"When you think about it, the seat is in extreme weather conditions, such as really cold during winter and really hot in the summer," she said.

"The plastic is constantly going through changes as far as weather, so after a certain period of time it isn't reliable anymore."

Monday, May 5, 2014

Children need to be safely restrained when riding in a vehicle. To make sure they are secured properly, there are a few tests parents can do.

Inch test

According to SafeKids Worldwide, the inch test looks at if the seat is tightly secured in the vehicle.

Once the seat is installed, tug the base to see how far it moves. If it moves more than an inch from side to side or front to back, then the belt or latch system needs to be tightened.

Pinch test

The pinch test is done when the child is in the seat.

Friday, May 2, 2014

A respected member of the community, who passed away last year was remembered fondly Tuesday evening by the Mauch Chunk Historical Society.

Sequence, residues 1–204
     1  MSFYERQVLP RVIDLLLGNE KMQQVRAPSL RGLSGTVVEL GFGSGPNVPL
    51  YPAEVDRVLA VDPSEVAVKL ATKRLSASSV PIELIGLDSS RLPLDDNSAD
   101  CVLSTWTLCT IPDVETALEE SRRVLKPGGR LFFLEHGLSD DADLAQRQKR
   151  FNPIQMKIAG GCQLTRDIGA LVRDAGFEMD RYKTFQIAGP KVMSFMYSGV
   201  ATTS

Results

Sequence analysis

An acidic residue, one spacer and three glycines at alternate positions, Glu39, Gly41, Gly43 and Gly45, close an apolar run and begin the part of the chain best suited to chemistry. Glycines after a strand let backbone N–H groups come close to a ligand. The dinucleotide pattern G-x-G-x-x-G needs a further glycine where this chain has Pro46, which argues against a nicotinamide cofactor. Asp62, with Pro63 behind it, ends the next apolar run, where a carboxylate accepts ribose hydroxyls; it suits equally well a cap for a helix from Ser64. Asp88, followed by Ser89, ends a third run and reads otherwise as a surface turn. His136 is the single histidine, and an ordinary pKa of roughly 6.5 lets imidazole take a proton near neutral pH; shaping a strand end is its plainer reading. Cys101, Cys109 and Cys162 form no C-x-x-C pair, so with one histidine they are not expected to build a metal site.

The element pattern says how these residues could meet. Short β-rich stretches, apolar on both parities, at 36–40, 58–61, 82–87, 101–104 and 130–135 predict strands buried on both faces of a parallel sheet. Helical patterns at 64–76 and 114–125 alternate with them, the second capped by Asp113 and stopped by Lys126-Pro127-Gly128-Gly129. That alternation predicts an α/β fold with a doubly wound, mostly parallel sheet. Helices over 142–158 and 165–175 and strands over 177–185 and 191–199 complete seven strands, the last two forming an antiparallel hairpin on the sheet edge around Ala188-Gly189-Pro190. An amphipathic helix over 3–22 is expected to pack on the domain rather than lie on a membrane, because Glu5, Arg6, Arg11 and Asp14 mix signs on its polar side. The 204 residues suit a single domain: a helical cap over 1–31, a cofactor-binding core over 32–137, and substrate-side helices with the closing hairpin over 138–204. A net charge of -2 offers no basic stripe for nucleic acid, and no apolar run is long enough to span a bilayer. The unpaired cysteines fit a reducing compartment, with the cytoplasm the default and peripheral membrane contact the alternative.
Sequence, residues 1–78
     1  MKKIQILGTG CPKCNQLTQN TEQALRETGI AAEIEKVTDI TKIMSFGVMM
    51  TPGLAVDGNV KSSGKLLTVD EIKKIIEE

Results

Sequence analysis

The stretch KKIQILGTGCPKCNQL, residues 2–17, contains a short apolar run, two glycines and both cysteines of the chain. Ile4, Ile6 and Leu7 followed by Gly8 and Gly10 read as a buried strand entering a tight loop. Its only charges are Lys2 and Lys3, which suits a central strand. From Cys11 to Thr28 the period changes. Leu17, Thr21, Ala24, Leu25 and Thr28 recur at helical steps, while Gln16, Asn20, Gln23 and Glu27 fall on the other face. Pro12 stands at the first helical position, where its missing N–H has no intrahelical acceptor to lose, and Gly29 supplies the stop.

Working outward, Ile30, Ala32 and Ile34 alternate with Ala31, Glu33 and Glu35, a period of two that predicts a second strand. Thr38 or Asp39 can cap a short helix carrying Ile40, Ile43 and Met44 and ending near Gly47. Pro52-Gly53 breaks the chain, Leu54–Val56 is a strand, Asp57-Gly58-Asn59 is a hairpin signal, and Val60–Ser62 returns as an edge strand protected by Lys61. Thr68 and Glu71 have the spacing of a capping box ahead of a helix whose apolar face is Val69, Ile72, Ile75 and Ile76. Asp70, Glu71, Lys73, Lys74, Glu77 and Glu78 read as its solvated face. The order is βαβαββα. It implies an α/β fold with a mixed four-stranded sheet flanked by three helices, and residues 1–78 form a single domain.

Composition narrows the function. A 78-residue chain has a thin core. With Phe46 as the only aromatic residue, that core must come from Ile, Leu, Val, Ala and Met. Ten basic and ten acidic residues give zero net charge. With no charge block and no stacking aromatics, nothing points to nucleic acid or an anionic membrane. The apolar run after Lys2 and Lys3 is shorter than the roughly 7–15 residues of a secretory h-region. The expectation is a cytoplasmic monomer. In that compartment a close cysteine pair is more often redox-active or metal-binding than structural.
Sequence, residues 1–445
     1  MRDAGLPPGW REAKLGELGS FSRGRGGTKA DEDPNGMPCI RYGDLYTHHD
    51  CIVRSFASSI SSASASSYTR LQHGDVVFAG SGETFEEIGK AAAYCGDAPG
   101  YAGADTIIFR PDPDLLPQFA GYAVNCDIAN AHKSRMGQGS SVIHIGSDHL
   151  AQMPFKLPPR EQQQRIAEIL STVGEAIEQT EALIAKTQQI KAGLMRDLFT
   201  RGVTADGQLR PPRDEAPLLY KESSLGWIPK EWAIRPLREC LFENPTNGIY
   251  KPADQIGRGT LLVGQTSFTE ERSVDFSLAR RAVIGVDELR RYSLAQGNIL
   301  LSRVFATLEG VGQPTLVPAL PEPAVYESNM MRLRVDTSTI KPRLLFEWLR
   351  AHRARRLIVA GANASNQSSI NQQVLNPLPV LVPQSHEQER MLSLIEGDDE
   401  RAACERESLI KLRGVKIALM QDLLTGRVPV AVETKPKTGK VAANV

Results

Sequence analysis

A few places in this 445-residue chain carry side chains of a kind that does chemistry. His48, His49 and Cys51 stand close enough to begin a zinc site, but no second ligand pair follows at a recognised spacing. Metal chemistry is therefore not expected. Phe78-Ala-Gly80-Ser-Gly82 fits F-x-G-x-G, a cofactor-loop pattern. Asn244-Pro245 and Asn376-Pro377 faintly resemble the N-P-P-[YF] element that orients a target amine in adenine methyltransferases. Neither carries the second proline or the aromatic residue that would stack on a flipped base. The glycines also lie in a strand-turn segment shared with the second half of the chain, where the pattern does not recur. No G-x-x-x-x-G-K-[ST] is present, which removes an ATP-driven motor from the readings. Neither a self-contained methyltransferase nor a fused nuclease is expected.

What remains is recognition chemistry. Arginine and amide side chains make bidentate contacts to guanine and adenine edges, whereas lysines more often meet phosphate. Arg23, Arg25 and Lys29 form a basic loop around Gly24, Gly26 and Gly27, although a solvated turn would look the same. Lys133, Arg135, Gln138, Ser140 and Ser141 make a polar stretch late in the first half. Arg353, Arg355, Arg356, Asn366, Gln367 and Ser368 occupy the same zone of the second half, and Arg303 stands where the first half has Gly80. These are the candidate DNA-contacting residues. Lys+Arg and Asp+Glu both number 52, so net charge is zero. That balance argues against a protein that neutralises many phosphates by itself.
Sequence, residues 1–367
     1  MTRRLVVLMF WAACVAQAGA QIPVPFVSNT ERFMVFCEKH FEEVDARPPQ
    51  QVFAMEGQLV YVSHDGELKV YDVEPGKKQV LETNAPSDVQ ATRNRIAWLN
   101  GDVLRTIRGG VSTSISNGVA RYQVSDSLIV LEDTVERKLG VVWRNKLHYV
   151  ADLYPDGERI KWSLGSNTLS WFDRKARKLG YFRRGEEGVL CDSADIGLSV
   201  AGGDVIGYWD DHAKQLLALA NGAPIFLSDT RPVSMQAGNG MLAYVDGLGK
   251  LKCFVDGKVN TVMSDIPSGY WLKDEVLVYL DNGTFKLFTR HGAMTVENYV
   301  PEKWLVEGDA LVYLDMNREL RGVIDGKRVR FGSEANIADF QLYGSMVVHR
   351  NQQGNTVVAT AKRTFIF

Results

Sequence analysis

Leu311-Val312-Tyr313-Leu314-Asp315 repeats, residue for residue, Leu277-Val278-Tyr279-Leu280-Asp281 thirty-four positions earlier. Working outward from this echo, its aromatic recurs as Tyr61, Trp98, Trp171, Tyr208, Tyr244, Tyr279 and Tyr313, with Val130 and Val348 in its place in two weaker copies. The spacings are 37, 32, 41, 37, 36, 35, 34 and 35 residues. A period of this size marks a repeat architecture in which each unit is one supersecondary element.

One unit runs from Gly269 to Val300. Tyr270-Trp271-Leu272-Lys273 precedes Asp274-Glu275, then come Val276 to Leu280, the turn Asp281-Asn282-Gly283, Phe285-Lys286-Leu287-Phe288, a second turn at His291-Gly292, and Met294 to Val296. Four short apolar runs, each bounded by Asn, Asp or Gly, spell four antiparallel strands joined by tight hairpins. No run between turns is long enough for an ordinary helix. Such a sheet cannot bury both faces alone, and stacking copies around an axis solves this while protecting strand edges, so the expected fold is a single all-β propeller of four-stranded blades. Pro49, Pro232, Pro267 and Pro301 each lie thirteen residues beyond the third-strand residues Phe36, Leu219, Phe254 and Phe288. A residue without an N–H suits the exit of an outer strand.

Friends and colleagues joined historical society members at the Broadway Grille and Pub in Jim Thorpe to honor Susan Sterling and celebrate her life.

Historical society President Helen Van Pelt presented a plaque to Sterling's husband, Jack. It read "The Mauch Chunk Historical Society honors Susan Marie Gilkeson Sterling for her many years of service to the society and to the Jim Thorpe Community."

Friday, May 2, 2014
BOB FORD/TIMES NEWS Jill C. DeLong, education support chairperson for PASR, left, and Nan Cressley, the computer paraprofessional from Franklin Township Elementary school attend a luncheon at the Harvest Cafe at the Carbon County Technical Institute Wednesday morning.

The Carbon County Chapter of Pennsylvania Association of School Retirees presented the final educational grant for the 2013-14 year Wednesday to Nan Cressley, a computer paraprofessional at Franklin Elementary School in the Lehighton Area School District.

The organization met for a luncheon at the Harvest Cafe at the Carbon County Technical Insitute in Jim Thorpe.

A 24-year employee of the district, Cressley teaches computer skills to all grades and is also in charge of writing and coaching students with the reading of the morning messages presented each day.